process is always spontaneous. The system is said to experience an increase in entropy.
The second law of thermodynamics states that the entropy of an isolated thermodynamic
system always increases during a spontaneous process.
In many science courses entropy is defined as disorder or randomness. Disorder
as applied to entropy does not mean messy or untidy, as in articles of clothing scattered
around a student’s bedroom.
The real meaning of entropy is linked to how energy is distributed in a
thermodynamic system. In particular, entropy (S) is a measure of how dispersed the
energy of a system is.
Energy dispersion can happen even when all the components of a system, or the
system and its surroundings, are at the same temperature.
Though kinetic molecular theory is a powerful tool for predicting that gases mix
spontaneously, there is another way to account for the spontaneity of mixingone based
on a statistical view of energy dispersion and entropy. We start with 2 red marbles
representing atoms of the other. Initially they are separated into two compartments. Then
the partition separating them is removed and the marbles are able to occupy any of the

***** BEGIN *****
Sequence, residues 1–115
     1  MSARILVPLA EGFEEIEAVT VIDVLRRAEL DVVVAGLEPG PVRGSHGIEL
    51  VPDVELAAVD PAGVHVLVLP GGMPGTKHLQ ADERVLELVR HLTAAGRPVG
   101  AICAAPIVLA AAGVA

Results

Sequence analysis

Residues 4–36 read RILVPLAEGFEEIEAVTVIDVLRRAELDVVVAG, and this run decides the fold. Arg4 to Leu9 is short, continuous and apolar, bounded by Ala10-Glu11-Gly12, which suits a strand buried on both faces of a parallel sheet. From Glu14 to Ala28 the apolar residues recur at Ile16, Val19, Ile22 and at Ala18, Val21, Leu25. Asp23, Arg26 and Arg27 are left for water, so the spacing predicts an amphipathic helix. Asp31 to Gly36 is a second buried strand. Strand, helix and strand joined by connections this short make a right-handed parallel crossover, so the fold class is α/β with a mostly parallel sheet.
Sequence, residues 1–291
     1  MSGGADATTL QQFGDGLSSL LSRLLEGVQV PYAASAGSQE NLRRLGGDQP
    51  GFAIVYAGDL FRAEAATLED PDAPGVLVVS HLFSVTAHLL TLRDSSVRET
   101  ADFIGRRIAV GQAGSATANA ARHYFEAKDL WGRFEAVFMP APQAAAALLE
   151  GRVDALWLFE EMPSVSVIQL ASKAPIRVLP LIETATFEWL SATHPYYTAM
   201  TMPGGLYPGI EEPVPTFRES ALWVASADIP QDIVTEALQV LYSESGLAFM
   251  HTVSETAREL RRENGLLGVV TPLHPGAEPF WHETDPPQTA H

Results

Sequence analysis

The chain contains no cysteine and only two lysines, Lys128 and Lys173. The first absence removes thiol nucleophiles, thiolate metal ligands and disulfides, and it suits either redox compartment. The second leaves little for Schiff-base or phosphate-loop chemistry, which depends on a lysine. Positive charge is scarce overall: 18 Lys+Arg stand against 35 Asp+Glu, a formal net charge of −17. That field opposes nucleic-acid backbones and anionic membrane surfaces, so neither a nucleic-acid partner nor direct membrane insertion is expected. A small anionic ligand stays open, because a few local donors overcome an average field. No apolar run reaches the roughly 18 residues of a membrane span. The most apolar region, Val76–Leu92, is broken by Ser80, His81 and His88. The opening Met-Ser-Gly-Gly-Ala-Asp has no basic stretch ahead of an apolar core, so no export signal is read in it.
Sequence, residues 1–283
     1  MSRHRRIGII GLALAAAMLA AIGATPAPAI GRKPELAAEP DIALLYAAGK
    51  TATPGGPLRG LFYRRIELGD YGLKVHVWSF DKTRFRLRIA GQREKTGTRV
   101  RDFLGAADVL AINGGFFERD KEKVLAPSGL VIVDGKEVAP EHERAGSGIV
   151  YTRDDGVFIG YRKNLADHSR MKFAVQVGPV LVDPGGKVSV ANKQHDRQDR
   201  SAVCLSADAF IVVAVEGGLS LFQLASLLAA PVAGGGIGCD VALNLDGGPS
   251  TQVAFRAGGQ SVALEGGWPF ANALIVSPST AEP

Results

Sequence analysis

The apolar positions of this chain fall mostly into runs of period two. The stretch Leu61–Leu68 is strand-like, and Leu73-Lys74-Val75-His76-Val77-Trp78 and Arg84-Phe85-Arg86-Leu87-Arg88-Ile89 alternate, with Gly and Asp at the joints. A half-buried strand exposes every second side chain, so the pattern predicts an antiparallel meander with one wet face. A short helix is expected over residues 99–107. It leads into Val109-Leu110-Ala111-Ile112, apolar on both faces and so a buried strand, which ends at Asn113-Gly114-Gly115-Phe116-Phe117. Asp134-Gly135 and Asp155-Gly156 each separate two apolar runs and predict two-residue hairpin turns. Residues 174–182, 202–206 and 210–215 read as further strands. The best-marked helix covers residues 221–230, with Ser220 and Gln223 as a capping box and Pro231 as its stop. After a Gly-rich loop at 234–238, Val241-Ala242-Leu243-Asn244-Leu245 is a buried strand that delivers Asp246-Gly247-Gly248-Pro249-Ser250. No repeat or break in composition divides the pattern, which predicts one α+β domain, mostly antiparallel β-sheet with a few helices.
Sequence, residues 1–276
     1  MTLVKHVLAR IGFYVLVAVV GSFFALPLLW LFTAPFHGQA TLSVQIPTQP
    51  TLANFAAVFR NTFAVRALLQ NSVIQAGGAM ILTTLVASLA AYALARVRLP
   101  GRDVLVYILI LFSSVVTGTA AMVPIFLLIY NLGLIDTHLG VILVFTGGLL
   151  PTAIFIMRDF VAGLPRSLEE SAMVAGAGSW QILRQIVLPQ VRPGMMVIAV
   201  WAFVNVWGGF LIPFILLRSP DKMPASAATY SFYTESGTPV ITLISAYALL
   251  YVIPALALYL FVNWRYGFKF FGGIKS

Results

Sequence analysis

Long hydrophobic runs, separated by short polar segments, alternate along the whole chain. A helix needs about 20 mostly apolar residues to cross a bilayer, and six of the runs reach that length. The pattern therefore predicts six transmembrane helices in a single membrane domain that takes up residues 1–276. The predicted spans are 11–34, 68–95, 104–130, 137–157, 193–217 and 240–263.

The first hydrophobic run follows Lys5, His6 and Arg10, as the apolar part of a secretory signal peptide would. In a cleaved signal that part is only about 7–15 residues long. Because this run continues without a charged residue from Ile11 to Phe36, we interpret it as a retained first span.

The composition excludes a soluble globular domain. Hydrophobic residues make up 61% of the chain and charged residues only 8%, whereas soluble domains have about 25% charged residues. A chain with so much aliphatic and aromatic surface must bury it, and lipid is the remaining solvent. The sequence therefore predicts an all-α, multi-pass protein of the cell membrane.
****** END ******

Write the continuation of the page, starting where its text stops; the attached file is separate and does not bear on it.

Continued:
marble-holding sites in either compartment. There are six ways to arrange the 2 red and 2
blue marbles among the 4 sites. In only two of these are the same color marbles in the
same compartment. In the other four they are mixed. If there is an equal chance any
marble could be in any one of the positions, then it is twice as likely that they will be
mixed together rather than separate.
Now consider what happens when we double the number of marbles and marble-
holding sites. If we allow all 8 of the marbles to be randomly arranged among the 8 sites
available to them, there are again only two possible arrangements in which each
compartment contains marbles of only one color. There are several mixing options: either
1 or 2 or 3 of the red marbles could end up on the side that originally contained only blue
marbles, and vice versa. The exchange of 1 marble produces four options for how to
arrange the blue one and the remaining 3 red ones in the originally all-red compartment.